Castle Combe, 16 April 2005
Finally some good news - we went racing! Following on from last week's gearbox failure, we sourced a Fiat Coupe 6 speed gearbox (allegedly stronger than the 5 speed we had been running) from Torque Italia in SE London. Due to a screw-up with the courier company, I had to go over and pick it up myself on Wednesday after work, and then take it back to Keith at Auto Integrale so it could be fitted later in the week. That little trip took me 5.5 hours by the time I got home, just in time for bed.
Sterling work by Auto Integrale saw the gearbox changed, the alternator changed (another component from the donor car which had failed), the burned rear light changed and the car all checked over ready for action.
The good news continued for those of us in Lancia circles, Pete Simpson would also be out to play at Castle Combe, Owen Developments having resolved his turbocharger problems and teased a massive 365 bhp out of the Lancia integrale engine. Or maybe that's not such good news as its a bit more than we have!
So Saturday morning, and for the first time this season I arrived at a race track WITH the race car. No testing yet of course, but the early signs were that the gearchange was now managable unlike the previous one where wrong slotting from 2nd to 1st was all too possible. It was a cold morning but dry as I lined the kappa up in the assembly area near the back of the queue. With little previous experience at Castle Combe (I raced the Alfasud here in 2002) and the way the kappa had behaved so badly over the bumps last year on the Lancia Motor Club track day here, combined with not having driven the car with the current engine, I was more than a little apprehensive. A shame, because with none of the ex-Touring Cars in the series out to play (Pete Challis was having a new clutch fitted, Derek Hale was concentrating on repairing Matt's Vectra) there had to be a chance of a race win going. Not that Tony Soper or Pete Simpson would be easy to beat of course, just the chances were increased.
And I wasn't the only one there early - Pete had the bonnet of the integrale open. His problem was simple, a brake servo hose had come off leaving him with effectively no brakes. Luckily for me, Keith and Simon from Auto Integrale were supporting me, and quickly diagnosed the problem as being gearbox oil escaping through the dipstick tube. A quick trip under the car to clean up all the spilled oil later and all should be fit for the race. I commented on how badly the kappa was behaving and Keith softened off the suspension at both ends. I also noted the rear tyres were still cold so adjusted the rear spoiler to its next position in search of a little downforce. Because we've had no track time, every practice session and race for the time being will be doubling as a test session while we try to understand what works and what doesn't.
Up front, Dave Nixon had put his Rover Tomcat on pole with Tony Soper over a second behind. Stunning performances from Andrew Ludlow and Steve McIntyre saw them both qualify ahead of Pete Simpson.
Lee pulled away at about a second a lap for the next 3 or 4 laps and then it was plain he was gone and the race was lonely. Behind me was Richard Perks' Honda Civic, but a decent distance behind me, close enough to keep me honest but most of the time not close enough to be a major threat. It looked like being a bit of a lonely race, every now and again the Honda appeared a little closer, but come anything resembling a straight, it went backwards again at a rate of knots. At one point it got within 1.5 seconds of me but then my lap times improved dramatically and I dropped it completely. On lap 6 I came up to lap Tim Morgan-Barrett, then over the next few laps slowly picked off more back markers. I was lapped by Tony Soper on lap 12, although I had to move over at the end of the straight to let him through and then found staying with him easy on the run to The Esses, but he was quicker through the bends and slowly pulled away. The next car I could see was one of the Minis that had qualified just ahead of me. Over a couple of laps I gained slowly to the point where I was getting close. I had expected to see blue flags followed by some co-operation, but then realised this was a battle for position. As I moved onto the tail of the Mini at Tower, so Dave Nixon's Tomcat (in second place) came up behind. The marshals waved the blue flags as I exited Bobbies, but when I accelerated after the Mini, I dropped the Tomcat. I was right on the Mini through Camp and a flat out blast down the straight saw us side by side through Folly after which I cleared enough of a gap (the Mini couldn't pull 140mph) to stay wide, lift off and let the Tomcat through. All too soon after this, I saw the chequered flag, just as I was lining up to lap Rhys Bolton's Clio.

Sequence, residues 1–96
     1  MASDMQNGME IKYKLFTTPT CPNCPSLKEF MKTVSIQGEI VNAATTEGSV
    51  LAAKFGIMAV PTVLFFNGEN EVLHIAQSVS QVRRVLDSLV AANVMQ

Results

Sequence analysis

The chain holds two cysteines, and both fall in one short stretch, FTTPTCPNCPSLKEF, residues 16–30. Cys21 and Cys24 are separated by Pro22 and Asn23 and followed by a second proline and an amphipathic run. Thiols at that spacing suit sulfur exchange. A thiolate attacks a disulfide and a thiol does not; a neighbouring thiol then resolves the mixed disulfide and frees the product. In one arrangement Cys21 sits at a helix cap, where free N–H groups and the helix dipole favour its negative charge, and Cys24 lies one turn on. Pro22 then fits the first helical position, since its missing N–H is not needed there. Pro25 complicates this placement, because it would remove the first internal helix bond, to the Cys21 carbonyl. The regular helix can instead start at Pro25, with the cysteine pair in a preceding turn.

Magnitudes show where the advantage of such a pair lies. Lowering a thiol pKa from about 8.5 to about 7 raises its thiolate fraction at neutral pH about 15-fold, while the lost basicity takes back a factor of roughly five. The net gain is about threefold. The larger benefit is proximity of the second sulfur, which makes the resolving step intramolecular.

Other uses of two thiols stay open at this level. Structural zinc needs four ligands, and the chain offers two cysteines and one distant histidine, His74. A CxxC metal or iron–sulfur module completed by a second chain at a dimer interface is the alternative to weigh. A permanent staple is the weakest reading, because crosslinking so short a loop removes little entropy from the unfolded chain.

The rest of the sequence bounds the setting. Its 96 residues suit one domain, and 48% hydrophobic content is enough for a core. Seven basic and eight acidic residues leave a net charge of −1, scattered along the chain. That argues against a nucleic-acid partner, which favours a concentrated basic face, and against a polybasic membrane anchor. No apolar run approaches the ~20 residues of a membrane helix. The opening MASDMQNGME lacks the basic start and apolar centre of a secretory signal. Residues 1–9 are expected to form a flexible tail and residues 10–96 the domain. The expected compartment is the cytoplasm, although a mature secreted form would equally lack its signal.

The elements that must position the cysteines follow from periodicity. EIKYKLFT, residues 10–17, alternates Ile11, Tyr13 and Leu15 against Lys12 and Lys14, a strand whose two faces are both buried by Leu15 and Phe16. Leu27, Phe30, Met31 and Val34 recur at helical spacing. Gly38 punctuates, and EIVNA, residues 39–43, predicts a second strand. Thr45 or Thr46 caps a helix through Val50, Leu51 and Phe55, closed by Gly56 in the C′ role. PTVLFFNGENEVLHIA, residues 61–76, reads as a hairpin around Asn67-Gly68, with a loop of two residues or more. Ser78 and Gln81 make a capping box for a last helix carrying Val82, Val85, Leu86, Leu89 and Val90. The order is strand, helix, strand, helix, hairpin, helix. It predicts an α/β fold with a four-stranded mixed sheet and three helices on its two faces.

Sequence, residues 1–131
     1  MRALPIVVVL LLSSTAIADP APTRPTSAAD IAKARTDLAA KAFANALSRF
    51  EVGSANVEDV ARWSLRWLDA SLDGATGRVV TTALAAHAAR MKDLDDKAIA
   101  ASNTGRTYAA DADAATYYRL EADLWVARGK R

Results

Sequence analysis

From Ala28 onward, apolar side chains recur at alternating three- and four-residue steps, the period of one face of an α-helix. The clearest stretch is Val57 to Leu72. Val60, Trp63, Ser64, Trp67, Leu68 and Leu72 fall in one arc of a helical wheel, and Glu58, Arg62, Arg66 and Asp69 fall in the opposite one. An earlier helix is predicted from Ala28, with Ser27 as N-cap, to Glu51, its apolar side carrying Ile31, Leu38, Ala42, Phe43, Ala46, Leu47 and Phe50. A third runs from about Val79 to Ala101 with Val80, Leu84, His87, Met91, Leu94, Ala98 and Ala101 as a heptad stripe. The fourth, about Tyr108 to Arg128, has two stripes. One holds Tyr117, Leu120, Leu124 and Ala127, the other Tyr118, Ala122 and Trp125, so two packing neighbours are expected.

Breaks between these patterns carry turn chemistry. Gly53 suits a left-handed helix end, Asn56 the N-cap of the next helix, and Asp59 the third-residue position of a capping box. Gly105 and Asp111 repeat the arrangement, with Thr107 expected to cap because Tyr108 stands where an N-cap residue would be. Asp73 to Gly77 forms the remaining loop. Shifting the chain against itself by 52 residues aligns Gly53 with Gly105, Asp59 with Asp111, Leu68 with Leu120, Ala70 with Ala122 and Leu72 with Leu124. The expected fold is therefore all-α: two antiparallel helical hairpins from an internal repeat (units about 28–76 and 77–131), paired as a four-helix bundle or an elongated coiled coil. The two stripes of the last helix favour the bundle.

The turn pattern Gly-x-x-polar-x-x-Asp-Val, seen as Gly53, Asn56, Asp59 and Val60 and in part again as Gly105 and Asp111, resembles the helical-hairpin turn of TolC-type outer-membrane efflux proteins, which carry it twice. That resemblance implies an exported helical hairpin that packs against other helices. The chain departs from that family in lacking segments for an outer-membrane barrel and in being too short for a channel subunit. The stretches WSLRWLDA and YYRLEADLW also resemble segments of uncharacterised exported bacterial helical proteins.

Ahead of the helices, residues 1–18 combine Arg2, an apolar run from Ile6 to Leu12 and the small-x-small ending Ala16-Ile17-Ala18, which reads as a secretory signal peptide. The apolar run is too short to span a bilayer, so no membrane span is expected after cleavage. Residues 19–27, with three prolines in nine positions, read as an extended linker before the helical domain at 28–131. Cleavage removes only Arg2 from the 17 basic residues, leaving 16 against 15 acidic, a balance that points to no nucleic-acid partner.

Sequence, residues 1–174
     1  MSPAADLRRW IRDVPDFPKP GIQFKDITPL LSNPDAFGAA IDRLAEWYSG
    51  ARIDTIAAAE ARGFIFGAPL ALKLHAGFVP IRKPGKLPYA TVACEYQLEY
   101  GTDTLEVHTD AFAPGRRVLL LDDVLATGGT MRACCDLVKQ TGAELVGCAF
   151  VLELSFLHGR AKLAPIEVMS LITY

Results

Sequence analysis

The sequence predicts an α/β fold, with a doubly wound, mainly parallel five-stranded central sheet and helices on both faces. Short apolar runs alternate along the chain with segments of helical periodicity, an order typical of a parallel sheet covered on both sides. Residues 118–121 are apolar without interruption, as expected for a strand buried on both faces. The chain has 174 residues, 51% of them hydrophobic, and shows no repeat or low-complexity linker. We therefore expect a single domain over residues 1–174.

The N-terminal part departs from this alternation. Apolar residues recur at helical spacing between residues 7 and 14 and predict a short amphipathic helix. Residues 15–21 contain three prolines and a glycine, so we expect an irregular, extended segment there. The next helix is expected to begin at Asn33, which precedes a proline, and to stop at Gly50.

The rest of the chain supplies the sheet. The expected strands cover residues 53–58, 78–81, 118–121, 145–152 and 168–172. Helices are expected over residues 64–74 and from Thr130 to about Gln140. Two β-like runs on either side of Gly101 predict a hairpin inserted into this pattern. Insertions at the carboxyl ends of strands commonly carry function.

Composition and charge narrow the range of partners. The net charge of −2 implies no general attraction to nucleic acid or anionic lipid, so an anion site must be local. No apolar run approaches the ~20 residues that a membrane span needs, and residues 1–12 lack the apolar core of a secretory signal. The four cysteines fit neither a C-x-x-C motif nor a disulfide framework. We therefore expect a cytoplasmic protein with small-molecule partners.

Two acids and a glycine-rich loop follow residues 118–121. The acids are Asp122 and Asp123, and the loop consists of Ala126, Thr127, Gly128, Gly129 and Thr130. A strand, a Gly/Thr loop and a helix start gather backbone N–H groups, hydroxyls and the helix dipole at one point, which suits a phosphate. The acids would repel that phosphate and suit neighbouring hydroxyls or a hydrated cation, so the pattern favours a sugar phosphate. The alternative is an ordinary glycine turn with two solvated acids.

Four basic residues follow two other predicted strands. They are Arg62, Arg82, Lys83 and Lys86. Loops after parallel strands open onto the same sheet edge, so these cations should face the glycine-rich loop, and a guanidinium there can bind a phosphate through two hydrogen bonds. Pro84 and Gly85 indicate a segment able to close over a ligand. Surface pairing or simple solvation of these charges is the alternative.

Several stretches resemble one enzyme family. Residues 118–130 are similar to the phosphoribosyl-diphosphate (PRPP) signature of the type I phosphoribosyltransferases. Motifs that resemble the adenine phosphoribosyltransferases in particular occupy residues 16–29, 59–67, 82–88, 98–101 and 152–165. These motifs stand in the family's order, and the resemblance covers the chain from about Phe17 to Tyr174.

The bumps on the circuit had been hard work, the oil pressure was all over the place in the last half of the race, and the howling, presumably from the power steering, was banshee-like. But we made the finish with no other drama other than to find the centre of the front splitter missing. No idea when I lost it, probably at Avon Rise when the car felt like it was grounding hard, although I'm told it was grounding at Camp as well. At least we have points on the table now. Tony Soper had reversed his qualifying position to win the race by 8 seconds from Dave Nixon with Pete Simpson finishing an excellent third. Most drivers improved their lap times over qualifying somewhere in the region of 3-4 seconds, but the kappa lap time had come down by 5.5 seconds courtesy of three quick laps near the end. If I could have got on the pace a little quicker - like during qualifying - I imagine I could have finished at least 3-4 places higher. With more track time, hopefully I can realise the kappa's potential.
Check out some video from the day.
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